The Quiet Revolution in Graduate Studies
Not so long ago, distance education was a small niche pedagogy, marketed mainly to adults in rural areas or with busy schedules, who found long commutes to college campuses or course schedules impractical. Information delivery systems were awkward; there was little opportunity for interaction between faculty and students; and the public tended to view such correspondence courses as inferior to residential programs. Times have changed, and Norwich University is leading the way in delivery of distance education through its School of Graduate Studies, formerly known as the Online Graduate Programs.
Building on the strengths of the University, Norwich now offers online graduate programs in business administration, civil engineering, diplomacy, information assurance, justice administration, military history, nursing, and organizational leadership, and will offer graduate programs in education, electrical engineering, health care management, and public administration later this year.
Today, it is estimated that between 25 and 30% of adults who pursue graduate degrees will enroll in an online program. Employers and the public do not see the word "online" on a diploma from a brick-and-mortar institution, since the delivery method is not a significant indicator of the value of a degree. In fact, Norwich University now refers to the academic division which administers its online degree programs simply as its School of Graduate Studies. Over 1,000 students are now enrolled in programs through the School of Graduate Studies with significant growth expected over the next few years.
The technology which supports distance education continues to evolve at a breathtaking pace; in fact, it is driving a revolution in the way adults pursue graduate education.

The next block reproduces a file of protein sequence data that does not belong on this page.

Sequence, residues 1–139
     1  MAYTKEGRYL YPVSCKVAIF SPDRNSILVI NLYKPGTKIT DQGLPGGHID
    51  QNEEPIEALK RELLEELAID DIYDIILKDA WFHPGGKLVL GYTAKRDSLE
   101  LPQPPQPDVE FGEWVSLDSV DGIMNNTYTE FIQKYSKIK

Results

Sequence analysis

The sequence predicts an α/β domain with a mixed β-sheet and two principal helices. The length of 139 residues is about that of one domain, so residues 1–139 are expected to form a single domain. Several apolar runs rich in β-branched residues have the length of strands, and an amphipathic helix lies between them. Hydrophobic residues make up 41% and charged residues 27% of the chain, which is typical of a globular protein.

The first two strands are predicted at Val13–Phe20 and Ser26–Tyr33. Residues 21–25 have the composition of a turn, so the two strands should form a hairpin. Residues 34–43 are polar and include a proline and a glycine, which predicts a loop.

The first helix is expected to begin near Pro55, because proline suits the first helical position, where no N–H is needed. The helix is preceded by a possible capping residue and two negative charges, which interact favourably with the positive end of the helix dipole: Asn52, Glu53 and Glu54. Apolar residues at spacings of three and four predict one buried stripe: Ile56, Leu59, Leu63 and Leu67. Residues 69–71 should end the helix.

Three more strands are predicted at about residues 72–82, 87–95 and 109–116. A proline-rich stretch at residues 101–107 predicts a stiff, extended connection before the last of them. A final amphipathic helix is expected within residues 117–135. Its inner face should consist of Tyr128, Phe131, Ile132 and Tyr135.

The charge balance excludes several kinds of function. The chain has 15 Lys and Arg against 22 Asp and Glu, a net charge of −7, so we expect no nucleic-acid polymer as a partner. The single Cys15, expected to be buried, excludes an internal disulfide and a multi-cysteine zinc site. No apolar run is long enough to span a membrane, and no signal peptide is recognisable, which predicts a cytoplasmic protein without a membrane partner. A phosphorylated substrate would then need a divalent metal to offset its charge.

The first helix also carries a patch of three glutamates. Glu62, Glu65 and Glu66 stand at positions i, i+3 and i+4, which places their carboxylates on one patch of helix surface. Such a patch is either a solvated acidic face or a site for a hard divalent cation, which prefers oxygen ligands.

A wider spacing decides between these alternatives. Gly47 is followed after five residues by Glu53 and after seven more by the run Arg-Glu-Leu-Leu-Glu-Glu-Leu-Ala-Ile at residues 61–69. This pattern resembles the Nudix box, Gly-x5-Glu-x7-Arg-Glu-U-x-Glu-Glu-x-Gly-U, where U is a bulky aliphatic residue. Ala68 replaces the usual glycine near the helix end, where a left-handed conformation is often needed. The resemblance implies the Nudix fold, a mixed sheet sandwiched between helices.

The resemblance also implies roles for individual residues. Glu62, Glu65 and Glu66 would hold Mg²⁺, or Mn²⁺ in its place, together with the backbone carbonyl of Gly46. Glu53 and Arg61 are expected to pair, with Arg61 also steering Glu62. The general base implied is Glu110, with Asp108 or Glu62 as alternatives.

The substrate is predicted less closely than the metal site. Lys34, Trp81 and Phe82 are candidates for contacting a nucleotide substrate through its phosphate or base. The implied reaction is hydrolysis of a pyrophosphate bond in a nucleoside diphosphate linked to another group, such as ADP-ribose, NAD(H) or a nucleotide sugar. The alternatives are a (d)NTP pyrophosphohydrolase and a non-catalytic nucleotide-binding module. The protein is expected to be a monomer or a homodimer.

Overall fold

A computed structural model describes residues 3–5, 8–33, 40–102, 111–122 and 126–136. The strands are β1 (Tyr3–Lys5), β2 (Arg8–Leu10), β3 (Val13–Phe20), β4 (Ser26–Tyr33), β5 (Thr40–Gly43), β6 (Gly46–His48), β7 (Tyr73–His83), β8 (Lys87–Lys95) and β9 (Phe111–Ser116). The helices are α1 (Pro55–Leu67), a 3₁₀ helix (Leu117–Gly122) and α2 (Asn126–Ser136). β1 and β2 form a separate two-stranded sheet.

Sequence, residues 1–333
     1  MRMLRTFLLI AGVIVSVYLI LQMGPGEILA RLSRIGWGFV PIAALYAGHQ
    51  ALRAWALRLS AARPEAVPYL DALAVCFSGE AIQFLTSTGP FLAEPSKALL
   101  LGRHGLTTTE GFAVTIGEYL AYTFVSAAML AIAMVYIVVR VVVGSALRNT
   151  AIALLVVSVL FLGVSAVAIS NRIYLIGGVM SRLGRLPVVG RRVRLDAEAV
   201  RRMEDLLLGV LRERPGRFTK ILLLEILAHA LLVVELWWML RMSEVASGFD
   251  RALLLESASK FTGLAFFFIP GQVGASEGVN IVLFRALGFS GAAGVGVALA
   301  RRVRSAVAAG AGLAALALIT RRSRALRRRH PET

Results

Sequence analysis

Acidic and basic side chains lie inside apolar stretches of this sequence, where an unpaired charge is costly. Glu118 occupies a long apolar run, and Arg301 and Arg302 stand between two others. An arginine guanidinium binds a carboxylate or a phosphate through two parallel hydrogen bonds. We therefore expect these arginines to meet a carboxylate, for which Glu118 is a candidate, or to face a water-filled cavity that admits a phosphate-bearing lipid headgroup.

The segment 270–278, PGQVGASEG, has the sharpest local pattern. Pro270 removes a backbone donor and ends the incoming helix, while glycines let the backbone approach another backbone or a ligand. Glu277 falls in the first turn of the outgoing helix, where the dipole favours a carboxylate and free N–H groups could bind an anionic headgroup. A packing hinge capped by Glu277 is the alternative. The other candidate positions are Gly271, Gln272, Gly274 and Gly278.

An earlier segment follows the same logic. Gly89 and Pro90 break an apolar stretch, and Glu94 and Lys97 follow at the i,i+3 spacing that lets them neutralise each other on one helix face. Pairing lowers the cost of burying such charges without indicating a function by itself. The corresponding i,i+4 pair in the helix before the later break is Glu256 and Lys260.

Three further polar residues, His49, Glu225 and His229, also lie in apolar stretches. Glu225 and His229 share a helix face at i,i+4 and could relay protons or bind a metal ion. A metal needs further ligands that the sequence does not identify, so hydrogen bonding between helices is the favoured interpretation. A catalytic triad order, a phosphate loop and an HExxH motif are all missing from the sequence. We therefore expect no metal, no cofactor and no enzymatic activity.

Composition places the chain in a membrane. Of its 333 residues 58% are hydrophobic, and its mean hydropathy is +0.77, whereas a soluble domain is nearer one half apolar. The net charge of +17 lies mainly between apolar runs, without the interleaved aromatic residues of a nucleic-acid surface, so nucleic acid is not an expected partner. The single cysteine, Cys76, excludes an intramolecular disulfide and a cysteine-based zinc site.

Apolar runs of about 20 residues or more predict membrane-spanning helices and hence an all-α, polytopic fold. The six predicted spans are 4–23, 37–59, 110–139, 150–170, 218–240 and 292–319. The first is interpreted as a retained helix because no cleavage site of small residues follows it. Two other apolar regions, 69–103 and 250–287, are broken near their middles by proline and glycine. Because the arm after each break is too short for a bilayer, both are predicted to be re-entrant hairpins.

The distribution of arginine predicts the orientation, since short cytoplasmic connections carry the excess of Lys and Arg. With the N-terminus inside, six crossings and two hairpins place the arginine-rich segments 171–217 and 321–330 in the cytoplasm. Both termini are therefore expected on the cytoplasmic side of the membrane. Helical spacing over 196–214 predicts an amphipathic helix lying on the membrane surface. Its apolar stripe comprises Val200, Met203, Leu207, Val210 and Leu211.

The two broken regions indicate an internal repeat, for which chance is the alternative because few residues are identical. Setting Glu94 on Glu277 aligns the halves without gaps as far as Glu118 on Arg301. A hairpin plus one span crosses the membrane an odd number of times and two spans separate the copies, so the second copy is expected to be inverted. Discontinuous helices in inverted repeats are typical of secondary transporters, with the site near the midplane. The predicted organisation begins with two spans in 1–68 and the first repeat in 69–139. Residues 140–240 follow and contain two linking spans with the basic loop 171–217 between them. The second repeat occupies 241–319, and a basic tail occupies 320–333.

Asynchronous online seminars accommodate any schedule, so students and faculty can participate in meaningful discussions even though they are thousands of miles apart and online at different hours of the day. Voiced-over PowerPoint lectures provide a comparable experience to that enjoyed by resident students in a conventional classroom. Podcasts allow students to listen to lectures anywhere and anytime: during the daily commute, a workout at the gym, or while chauffeuring kids to soccer. Streaming video delivers dynamic content -- lectures, demonstrations, films, etc. -- to the student's own living room computer. The Internet and electronic library resources make research more convenient and timely. The interaction between students and faculty is very personalized and intense -- it must be, because online programs tend to be accelerated, with content delivered in about half the time required for traditional programs. Few online degree programs take more than two years to complete and Norwich is no exception; all School of Graduate Studies degree programs may be completed in eighteen months.
The typical online graduate student at Norwich is a working adult in his/her mid-30s with an eye toward career advancement or personal development. Programs which no longer need to limit their enrollments to residents of a local region are now able to recruit a diverse mix of students, representing a broad range of cultural, economic, and experiential backgrounds. This diversity greatly enriches the learning experience in the classroom; faculty report that they value the wealth of experience and focused energy of more seasoned students. Norwich University graduate students are expected to apply their studies to their current work environment and real problems, which often benefits employers as well. The learning experience is so engaging, and the faculty so determined to make it meaningful to every student, that graduation rates are unusually high--over 80%--and are among the best in the nation.
The School of Graduate Studies is currently headed up by long-time faculty member Dr. William Clements. For more information about School of Graduate Studies programs please visit the School of Graduate Studies.